He should also checkmate the amount of money squandered in ‘feeding’ and in ‘entertainment’ of guests annually. They usually run in mounting billions. I know that most of these accountability and transparency drives would be an uphill task for him considering the people it would affect, but he just has to try. He really has no choice if this nation must survive, as these are the fundamental issues destroying the nation, and not whether one executive, or the other, state and national, awards contracts for one project or the other, which they of course eagerly do because of the contract inflations, or the prospects of re-awarding them.

Our President-Elect has to re-orientate the thinking and the values of this country to understand that this world is no substitute for heaven, and we must all leave it, leaving everything we have behind, enroute to heaven or to hell eternally. Therefore, whenever there a controversial bill, either from him or from the legislators, he should discuss it first with the party executives drawn together from each state so that the legislators, where he will really have the problems, would know where the party, and, by extension, the citizens stand, and it would not be “that stringent Buhari”.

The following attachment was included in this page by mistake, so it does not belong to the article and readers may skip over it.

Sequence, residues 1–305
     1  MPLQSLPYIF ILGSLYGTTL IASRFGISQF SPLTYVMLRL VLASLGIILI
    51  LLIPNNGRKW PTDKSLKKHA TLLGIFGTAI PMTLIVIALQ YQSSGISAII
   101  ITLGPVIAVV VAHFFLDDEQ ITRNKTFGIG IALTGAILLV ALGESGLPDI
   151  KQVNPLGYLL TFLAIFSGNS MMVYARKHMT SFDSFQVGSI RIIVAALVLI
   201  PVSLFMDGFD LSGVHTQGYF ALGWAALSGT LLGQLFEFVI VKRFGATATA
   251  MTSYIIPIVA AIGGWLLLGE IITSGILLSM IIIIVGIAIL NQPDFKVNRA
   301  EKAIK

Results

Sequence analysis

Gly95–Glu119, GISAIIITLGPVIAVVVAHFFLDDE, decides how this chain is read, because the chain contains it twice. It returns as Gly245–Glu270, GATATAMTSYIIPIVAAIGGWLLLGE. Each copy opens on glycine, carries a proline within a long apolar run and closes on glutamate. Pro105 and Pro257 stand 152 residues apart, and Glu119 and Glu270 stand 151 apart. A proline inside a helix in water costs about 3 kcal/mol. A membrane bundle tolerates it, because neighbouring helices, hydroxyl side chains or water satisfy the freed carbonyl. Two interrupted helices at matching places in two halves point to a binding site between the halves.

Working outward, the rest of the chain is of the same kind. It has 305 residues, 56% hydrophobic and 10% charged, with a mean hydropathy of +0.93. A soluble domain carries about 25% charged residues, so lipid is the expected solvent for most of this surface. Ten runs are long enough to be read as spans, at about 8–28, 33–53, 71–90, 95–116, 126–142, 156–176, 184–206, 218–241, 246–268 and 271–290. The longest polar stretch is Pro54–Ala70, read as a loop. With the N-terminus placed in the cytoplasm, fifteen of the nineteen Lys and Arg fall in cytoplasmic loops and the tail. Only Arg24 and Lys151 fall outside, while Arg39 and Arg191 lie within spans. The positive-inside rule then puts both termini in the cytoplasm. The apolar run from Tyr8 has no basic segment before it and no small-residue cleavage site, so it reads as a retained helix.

The cost of assembling the party executives together either at Abuja or everywhere else he may choose, is worth it.

Also, the incoming government must know that it will never be there forever; but for four years or more if Nigerians decide. Therefore, the winners must accommodate all irrespective of tribal, religious sentiments or political party inclinations. It is not about who voted for them but the interest of the country at large. So, President Buhari should not discriminate over the tribe or the state that voted for him most. Even if the majority of Igbos did not vote for him, there are host of Igbos who actually voted for him. He should consider those people and be magnanimity in victory.

You talked about the legislators remunerations, what of constituency Funds?

Certainly those who muted the establishment of constituency fund had the best of intensions in mind, as, in the first place, the legislators must show some evidence to their villagers that they are struggling for them, and that they are there not just talking. In developed economies, it does not arise as the villages and towns are good as the other, only with minimal difference in terms of social and economic infrastructures. Infact most factories are found in the rural towns and villages, as transport facilities pose no serious problems, unlike in the Third World, why the struggles for space in the cosmopolitan areas are excruciating. For the First World most citizens are looking towards patriotic, national, development and not the village polemics. Money in our case is therefore rightly allocated for the development of our villages in the national budget, but how is this money spent?